You have, indeed, hit the nail on the head - there isn't a sound theoretical reason why the uniaxial stress-strain curve should be applicable to 3-D loading simply by changing the stress axis to Mises stress and the strain axis to effective plastic strain. But it works - at least for most common structural materials.

Interestingly, the 'strain energy density' interpretation of the Mises yield criterion (originally proposed 50 years earlier by Maxwell in a letter to Kelvin) is a later interpretation - Mises just chose the simplest mathematical expression that fitted the basic requirements of any yield function.
 
  • #7
...yeah, I hope he can appreciate the complexity & intricacies of the problem :biggrin: . It's fashinating reading from time to time papers dealing with testing of the very hypotheses of classic continuum theories, although one could say that the field is more active than ever with the work going about with respect to polycrystalline plasticity, dislocation dynamics, damage mechanics etc. modeling aspects.
 
  • #8
I have been mulling over the original question and responses.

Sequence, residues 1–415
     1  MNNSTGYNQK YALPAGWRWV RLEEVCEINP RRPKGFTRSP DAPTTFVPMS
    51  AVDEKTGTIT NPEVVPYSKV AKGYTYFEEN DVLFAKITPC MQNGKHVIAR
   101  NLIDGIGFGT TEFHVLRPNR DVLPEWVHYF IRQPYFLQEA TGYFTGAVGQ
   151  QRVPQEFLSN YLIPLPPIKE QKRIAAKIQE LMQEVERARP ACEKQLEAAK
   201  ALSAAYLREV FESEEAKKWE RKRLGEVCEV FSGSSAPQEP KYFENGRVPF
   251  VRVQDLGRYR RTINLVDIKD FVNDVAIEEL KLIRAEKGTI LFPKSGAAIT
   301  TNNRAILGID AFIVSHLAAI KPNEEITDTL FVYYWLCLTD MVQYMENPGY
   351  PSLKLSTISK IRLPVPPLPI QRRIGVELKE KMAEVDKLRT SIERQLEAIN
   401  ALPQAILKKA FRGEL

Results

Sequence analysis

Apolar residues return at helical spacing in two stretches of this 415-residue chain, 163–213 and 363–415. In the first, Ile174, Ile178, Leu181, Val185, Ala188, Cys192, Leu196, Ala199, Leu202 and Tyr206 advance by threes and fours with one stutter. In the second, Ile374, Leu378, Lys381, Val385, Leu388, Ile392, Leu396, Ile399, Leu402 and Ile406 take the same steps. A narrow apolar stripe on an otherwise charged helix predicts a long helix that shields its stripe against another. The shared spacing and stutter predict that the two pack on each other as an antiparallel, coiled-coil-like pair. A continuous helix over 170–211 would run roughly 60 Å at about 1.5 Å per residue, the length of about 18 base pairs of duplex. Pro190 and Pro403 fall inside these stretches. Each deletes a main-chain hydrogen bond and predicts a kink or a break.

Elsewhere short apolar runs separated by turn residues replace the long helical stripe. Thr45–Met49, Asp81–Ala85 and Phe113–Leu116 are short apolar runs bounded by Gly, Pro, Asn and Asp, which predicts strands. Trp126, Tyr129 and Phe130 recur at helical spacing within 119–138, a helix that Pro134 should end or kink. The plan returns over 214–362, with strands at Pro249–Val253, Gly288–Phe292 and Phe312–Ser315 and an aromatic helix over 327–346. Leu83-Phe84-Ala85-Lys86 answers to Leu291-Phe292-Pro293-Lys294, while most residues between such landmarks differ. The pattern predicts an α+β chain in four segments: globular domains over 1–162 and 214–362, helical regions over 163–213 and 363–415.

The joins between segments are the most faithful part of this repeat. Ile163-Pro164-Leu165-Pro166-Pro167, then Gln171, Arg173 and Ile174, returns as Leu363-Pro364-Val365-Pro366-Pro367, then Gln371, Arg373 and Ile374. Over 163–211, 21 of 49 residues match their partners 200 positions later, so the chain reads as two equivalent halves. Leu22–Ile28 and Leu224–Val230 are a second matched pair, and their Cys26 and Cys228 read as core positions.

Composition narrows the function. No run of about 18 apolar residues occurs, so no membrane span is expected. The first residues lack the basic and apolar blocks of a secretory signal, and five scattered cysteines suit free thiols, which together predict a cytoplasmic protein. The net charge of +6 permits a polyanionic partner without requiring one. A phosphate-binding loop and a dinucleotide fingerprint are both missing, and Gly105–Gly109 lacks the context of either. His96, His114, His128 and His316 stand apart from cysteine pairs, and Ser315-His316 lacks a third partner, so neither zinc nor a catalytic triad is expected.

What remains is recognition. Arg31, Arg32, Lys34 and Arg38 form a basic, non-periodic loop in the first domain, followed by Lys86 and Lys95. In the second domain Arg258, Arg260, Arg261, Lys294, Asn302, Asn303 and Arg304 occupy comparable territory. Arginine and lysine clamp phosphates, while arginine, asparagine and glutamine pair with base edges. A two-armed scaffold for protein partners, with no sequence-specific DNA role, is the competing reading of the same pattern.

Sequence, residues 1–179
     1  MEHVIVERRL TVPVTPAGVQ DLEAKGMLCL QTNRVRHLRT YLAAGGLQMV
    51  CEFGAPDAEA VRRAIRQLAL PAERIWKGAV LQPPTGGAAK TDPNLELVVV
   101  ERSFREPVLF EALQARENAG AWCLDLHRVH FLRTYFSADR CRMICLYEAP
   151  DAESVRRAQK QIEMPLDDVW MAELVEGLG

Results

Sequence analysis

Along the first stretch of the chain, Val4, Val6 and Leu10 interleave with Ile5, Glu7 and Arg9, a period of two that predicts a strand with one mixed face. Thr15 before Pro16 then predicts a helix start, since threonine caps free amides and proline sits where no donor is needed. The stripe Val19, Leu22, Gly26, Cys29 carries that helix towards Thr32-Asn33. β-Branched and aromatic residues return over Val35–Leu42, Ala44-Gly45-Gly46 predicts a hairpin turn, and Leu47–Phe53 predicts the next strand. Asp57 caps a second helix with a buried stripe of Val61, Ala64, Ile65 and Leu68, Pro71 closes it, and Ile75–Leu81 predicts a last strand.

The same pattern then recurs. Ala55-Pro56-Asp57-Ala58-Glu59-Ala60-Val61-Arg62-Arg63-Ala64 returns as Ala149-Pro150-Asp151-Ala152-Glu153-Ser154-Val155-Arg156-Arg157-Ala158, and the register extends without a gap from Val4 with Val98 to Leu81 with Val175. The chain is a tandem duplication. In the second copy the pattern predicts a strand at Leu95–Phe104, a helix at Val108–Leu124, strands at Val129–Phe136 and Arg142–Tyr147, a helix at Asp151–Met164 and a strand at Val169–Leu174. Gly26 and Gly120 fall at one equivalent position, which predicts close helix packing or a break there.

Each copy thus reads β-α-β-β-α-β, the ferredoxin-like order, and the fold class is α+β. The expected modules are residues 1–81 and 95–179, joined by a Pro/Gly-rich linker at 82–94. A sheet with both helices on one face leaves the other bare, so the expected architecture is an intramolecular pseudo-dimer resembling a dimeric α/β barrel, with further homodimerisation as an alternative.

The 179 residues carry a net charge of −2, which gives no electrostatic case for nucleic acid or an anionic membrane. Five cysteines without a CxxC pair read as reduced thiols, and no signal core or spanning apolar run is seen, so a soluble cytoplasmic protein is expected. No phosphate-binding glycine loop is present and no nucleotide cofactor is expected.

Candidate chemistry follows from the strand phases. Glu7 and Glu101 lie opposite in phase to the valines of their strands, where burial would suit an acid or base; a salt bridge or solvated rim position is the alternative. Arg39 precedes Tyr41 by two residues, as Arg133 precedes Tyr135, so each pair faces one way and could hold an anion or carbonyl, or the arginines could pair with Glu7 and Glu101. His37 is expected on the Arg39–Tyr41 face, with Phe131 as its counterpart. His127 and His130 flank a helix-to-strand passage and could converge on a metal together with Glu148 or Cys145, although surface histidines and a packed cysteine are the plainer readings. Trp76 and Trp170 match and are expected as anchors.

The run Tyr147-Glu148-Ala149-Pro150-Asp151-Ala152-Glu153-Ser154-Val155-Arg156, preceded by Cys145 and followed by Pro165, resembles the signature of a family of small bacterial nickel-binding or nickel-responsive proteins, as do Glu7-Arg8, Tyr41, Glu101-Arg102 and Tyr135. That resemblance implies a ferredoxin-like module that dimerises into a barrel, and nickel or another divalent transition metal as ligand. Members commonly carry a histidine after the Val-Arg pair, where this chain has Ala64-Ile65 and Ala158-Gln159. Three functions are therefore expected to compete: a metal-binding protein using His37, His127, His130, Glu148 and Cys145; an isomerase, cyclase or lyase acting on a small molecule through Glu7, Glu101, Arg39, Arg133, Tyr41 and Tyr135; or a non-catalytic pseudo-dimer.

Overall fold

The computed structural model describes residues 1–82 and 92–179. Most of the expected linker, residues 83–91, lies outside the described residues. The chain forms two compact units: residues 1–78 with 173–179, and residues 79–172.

First of all, the uniaxial test is simple and inexpensive, especially if one wants lots of data. In that sense, it becomes an empirical relationship.

The validity will certainly depend on the state of stress one wants to analyze, uniaxial vs biaxial or triaxial stress states. The test may be 'more' valid for fcc and bcc materials, but perhaps not for hcp materials, especially those with residual cold work (texture is implicit).

The validity will depend on the constancy or correspondence of the relationship between the uniaxial and maximum stresses. One then must formulate a function, usually dependent on the geometry of relevant stress field (e.g. stress concentration factors), which relates maximum stress to the uniaxial stress.